Relocating. No new orders after June 11th.

Trineo de Esperanza 2023


 

Back home in the Dominican Republic, if a kid doesn’t get a present at Christmas, it’s not the end of the world. Santa Claus may not have visited, but hope is not lost. There is still Three Kings Day. This was often our experience as children- “Don’t worry!” Our mother would say, “The three kings will bring you a present.” 

In 2022, we were able to go home to the DR for the holidays, and I was so excited. The kids would experience their first Christmas there, but we would also have the opportunity to prepare the Trineo de Esperanza, or Sleigh of Hope, for the children of the community.  For those who have never experienced this, it is a give-away of used toys and clothes (in this case collected here in Lebanon, NH) to children who have the least.

With the opportunity to be involved in every step of the event, I realized later that while everything had gone according to plan, something was missing. It was the right idea, but it didn’t go far enough. I knew there were kids out there that had not gotten a toy for Christmas.

Years ago, when I finished high school, I got a scholarship. Before starting college, I was given the chance at a weeklong trip to the southwest of the island. The trip changed things for me- it made me appreciate how much I had. If you’ve read my story, you know we didn’t have much, but I was in shock when I saw people in my country- especially those closer to the Dominican/Haitian border-  living under those conditions. That week I learned one of the most important lessons of my life- that I had nothing to complain about. We might have been poor, but we had a lot when compared to the people I saw that week.

So I talked to my sister, Dolores, who organized things on the Dominican end of things, about reaching out to an area outside of our community. We might not be able to prepare it the way we might at home, and we couldn’t do the clowns- but we could surprise some people.

We talked to the locals, who pointed us toward some really remote places, and we eventually settled on 4 places so remote they are almost forgotten- the kind of places politicians love to make promises while campaigning, but forget immediately after the elections. Los 21, El Caimito, El Catey, and El Sitio are far from everything, and difficult to get to by car.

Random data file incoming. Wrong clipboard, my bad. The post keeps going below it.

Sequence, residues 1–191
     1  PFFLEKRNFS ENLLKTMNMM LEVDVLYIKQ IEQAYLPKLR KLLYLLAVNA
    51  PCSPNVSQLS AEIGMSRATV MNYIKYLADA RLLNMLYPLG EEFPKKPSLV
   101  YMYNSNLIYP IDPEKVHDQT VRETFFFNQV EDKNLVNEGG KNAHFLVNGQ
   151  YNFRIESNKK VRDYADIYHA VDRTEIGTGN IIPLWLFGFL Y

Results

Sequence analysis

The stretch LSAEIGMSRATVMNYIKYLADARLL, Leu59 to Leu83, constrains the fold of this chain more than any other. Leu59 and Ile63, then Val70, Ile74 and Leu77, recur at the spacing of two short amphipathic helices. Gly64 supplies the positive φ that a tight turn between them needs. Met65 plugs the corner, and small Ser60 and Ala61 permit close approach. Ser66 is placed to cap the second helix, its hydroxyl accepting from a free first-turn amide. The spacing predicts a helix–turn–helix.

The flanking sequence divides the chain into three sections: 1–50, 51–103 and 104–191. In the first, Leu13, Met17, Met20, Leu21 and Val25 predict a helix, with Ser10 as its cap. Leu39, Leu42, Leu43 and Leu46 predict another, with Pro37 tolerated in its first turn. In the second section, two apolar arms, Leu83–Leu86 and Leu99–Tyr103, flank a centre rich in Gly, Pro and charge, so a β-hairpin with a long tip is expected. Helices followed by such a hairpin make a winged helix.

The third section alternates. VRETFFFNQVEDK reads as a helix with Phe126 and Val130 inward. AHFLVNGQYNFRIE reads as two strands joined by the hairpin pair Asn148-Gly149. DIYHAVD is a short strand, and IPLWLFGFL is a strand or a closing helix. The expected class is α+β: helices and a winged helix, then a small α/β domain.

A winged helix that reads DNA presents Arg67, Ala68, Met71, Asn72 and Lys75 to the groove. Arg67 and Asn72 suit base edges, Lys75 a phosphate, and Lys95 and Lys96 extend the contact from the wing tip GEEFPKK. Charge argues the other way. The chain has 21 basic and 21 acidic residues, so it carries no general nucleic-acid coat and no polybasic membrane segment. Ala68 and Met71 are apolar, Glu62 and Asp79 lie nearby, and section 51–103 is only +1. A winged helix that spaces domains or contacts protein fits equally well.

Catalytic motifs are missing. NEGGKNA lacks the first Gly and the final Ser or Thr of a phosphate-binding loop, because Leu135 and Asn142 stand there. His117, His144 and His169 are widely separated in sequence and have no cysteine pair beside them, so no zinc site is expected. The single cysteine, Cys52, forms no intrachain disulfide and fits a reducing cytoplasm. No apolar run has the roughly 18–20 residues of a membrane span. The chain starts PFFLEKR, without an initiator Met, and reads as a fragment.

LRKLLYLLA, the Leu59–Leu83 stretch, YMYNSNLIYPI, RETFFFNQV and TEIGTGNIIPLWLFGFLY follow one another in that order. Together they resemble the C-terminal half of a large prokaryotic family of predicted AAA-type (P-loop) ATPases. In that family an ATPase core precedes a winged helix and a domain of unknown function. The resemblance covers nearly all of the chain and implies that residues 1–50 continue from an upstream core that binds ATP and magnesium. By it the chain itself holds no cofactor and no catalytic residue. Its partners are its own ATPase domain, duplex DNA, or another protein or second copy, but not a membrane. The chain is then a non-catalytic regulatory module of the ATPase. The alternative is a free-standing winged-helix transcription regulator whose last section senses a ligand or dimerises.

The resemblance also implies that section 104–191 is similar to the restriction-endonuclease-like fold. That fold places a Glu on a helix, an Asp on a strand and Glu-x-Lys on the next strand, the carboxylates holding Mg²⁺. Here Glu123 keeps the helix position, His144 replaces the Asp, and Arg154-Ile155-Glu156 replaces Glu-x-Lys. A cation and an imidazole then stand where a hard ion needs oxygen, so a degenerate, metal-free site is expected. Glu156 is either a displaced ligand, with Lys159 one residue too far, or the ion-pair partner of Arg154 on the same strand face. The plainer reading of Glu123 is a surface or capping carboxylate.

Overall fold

This last holiday season was a scramble. We had so much going on at the end of last year- much of it unexpected- that I didn’t have much time to get the boxes off to the DR, and I definitely didn’t have the kind of time it to collect the donations from our local community that I normally would. But I still had some donations from the year before, and with the help of a neighbor and a good clean-out of my kids closets and toy bins, we got some boxes packed. It was already too late for the boxes to make it there for Christmas, but they’d make it in time for Three Kings Day- barely. It was a close call, but more than 70 toys, and a bunch of clothes got there just in time.

So my sister coordinated with five people in four communities, and found a house central to them all. Those roads are very rough, and very narrow- even the truck my family took to get there barely made it (my sister said the truck next year will have to have a higher clearance) but there were kids who were only able to make it there on horseback. As my sister and her team handed out clothes and toys to kids who received them with such joy and gratitude, they saw the same things I’d seen all those years ago. That most of these families didn’t have electricity, that education in their small school only goes through the fourth grade-  as far as most of them will get, because any further education is too far away.

When my sister saw their reality, she told them, “We’ll be back.” Until you actually see that kind of poverty, it’s impossible to truly understand. When she talked to our neighbors- people who have very little themselves, they told her they could be counted upon to help. I’m hoping to be able to send some food and clothing to these families this spring. What we so easily take for granted means so much. 

Many thanks to the friends, neighbors, and customers who have helped to make the last three years of Trineo de Esperanza possible. May God Bless and Multiply.

Best,

Yani